• The bill also allows the Small Business Administration to process loan applications through June 30.
  • The 415-3 bipartisan vote may ensure small businesses won’t experience a lapse in needed aid.
  • See more stories on Insider’s business page.

To continue providing aid to small businesses recovering from the pandemic, the House voted on Tuesday to extend the Paycheck Protection Program (PPP) by two months, ahead of its expiration on March 31.

The bill to extend the PPP had been introduced on March 11 by Small Business Committee Chair Nydia Velàzquez, Ranking Member Blaine Luetkemeyer, Rep. Carolyn Bourdeaux of Georgia, and Rep. Young Kim of California. Less than a week later, the House overwhelmingly voted by 415-3 to extend the program through May 31 to avoid a lapse of aid.

The program has provided small businesses with $700 billion of emergency loans to date, according to a press release.

“Based on recent economic data and the demand for PPP loans, it’s clear that small businesses still need support. We are making progress in our public health fight against this virus, but this pandemic continues to impact communities across the country, and we can’t let up on our efforts,” Velázquez said in a statement. “By providing small businesses with two more months to apply and giving the SBA [Small Business Administration] an additional month to process applications, we will help ensure critical support isn’t cut off.”

Under the bill, the SBA has until June 30 – a month after the PPP ends – to continue processing loan applications, giving small businesses the chance to continue receiving aid after the Program expires.

Since it was first established under the CARES Act in March, the PPP has encountered a host of issues with loan distribution. For example, although loans within the program are intended for businesses with 500 or fewer employees, the fast-food chain Shake Shack received a $10 million loan, which it later returned.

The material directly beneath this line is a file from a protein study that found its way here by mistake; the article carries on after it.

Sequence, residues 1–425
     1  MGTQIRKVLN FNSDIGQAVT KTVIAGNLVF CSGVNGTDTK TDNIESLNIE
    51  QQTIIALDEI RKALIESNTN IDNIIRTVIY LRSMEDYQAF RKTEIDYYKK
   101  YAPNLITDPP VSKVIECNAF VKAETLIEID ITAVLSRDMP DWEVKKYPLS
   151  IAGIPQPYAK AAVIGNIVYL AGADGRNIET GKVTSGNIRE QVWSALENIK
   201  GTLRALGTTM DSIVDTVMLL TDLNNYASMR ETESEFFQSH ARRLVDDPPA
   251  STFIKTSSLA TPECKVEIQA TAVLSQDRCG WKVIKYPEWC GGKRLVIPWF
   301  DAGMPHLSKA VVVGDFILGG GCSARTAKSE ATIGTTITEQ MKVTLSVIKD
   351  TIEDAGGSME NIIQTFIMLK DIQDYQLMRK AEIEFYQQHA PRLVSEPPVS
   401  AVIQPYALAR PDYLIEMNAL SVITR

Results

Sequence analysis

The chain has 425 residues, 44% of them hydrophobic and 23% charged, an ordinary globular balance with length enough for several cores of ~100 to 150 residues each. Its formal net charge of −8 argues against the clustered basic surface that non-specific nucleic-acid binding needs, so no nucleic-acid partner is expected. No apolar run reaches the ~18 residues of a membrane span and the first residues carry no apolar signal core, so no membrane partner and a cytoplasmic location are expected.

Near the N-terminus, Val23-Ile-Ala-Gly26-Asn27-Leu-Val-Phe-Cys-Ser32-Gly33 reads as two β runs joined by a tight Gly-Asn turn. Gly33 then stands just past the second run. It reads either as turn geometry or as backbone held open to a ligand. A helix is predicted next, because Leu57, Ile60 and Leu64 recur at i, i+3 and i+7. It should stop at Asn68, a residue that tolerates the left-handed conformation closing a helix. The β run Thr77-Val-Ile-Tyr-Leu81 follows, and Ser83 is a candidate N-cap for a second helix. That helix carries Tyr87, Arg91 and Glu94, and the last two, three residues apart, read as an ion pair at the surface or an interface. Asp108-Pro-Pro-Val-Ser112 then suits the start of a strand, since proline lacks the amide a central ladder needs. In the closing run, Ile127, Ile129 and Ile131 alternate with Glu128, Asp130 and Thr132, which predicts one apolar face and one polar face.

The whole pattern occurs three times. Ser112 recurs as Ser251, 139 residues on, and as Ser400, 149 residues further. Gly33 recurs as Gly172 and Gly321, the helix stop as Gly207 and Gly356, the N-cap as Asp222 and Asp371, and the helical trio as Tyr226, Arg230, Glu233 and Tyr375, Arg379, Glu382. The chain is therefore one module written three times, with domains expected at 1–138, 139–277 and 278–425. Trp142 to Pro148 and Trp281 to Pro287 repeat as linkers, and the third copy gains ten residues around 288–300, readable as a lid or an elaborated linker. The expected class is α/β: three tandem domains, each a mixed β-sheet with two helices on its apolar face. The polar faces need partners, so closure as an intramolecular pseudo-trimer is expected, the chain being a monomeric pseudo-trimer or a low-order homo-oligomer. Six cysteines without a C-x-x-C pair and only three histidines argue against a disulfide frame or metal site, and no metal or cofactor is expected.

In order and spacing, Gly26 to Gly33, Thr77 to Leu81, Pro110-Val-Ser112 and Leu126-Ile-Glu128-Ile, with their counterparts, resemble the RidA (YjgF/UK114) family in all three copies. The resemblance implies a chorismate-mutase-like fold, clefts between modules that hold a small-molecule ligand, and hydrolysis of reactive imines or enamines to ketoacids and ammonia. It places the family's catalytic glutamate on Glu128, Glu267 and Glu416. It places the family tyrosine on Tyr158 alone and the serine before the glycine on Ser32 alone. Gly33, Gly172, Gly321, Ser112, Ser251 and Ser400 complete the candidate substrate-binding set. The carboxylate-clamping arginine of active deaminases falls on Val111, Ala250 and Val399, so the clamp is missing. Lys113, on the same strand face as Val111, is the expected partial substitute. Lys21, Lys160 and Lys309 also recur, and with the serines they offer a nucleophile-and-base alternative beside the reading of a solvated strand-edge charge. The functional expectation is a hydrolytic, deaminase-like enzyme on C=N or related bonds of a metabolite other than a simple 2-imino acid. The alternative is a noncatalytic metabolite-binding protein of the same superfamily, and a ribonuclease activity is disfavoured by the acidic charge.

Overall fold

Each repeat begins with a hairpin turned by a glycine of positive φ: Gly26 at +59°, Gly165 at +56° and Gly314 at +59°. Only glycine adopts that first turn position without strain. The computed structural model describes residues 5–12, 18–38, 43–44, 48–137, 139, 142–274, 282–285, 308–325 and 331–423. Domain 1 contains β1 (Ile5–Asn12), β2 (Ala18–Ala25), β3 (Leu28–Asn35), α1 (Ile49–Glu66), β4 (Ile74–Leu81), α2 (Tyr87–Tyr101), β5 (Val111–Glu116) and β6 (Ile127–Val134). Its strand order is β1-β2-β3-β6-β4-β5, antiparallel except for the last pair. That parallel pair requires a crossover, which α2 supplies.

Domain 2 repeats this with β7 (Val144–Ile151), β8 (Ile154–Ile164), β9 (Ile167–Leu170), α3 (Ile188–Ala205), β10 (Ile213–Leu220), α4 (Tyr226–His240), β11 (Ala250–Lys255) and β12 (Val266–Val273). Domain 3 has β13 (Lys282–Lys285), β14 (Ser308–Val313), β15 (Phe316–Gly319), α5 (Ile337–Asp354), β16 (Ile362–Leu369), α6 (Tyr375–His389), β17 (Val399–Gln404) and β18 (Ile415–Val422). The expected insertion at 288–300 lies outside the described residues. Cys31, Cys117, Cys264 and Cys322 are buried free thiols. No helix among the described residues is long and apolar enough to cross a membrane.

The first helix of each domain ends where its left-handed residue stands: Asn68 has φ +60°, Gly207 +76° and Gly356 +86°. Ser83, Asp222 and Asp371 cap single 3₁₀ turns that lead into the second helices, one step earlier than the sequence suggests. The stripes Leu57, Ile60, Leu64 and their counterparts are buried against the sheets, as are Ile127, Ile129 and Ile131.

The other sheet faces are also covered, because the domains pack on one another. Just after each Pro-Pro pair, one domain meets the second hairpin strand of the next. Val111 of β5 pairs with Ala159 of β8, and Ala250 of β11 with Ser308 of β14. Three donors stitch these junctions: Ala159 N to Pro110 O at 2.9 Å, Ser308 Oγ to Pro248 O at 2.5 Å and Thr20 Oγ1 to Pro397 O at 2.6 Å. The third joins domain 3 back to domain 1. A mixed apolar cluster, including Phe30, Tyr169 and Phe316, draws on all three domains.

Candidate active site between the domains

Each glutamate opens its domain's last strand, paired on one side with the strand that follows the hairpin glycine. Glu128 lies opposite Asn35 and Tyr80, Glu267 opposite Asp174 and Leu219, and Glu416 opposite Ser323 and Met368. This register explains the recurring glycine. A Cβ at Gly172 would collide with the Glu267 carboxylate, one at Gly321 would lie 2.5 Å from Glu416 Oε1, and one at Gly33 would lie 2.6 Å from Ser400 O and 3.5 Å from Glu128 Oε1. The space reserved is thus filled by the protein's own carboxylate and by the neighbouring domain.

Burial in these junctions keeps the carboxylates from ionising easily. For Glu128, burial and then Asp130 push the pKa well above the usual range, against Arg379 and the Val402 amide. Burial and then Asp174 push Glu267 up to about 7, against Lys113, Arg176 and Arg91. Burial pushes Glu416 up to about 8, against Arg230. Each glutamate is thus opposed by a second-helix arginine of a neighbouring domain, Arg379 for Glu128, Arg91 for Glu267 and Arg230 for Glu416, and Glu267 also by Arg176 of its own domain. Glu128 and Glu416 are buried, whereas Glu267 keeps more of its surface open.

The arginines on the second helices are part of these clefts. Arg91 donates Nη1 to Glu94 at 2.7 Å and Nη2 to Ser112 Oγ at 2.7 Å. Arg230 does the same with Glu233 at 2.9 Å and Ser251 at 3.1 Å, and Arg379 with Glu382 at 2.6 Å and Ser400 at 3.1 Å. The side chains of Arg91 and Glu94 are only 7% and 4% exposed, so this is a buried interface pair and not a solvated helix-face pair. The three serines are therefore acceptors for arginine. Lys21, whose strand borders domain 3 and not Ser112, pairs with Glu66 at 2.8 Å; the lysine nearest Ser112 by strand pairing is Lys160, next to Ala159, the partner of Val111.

And recently, the Office of the Inspector General found that the PPP distributed more than one loan to over 4,000 borrowers due to flaws in the SBA’s controls.

However, despite the flaws, small businesses have not yet recovered from financial hits the pandemic brought on, emphasizing the need for a PPP extension. In President Joe Biden’s American Rescue Plan he signed on March 11, $50 billion was set aside for small businesses, including $7.25 billion specifically for the PPP.

The bill now heads to the Senate, where it may be passed before members leave Washington in mid-April.

“As America begins to open up for business and vaccines become more widely distributed across the country, we must provide targeted relief for small businesses that need it most,” Luetkemeyer said in a statement. “This bipartisan legislation provides a commonsense extension to the Paycheck Protection Program and the tools for Main Street USA to contribute to their local economies once again.”